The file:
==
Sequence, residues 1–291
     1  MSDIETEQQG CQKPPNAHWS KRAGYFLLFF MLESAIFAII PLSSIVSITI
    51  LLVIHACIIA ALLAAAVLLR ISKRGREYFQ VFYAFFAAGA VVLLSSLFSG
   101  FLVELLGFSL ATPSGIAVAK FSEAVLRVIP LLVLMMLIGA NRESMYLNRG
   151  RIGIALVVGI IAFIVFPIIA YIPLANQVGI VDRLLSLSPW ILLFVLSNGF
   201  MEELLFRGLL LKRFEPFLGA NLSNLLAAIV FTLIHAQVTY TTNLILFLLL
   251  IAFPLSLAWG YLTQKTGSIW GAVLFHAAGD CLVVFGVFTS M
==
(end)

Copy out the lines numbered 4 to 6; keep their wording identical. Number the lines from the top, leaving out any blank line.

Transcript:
   101  FLVELLGFSL ATPSGIAVAK FSEAVLRVIP LLVLMMLIGA NRESMYLNRG
   151  RIGIALVVGI IAFIVFPIIA YIPLANQVGI VDRLLSLSPW ILLFVLSNGF
   201  MEELLFRGLL LKRFEPFLGA NLSNLLAAIV FTLIHAQVTY TTNLILFLLL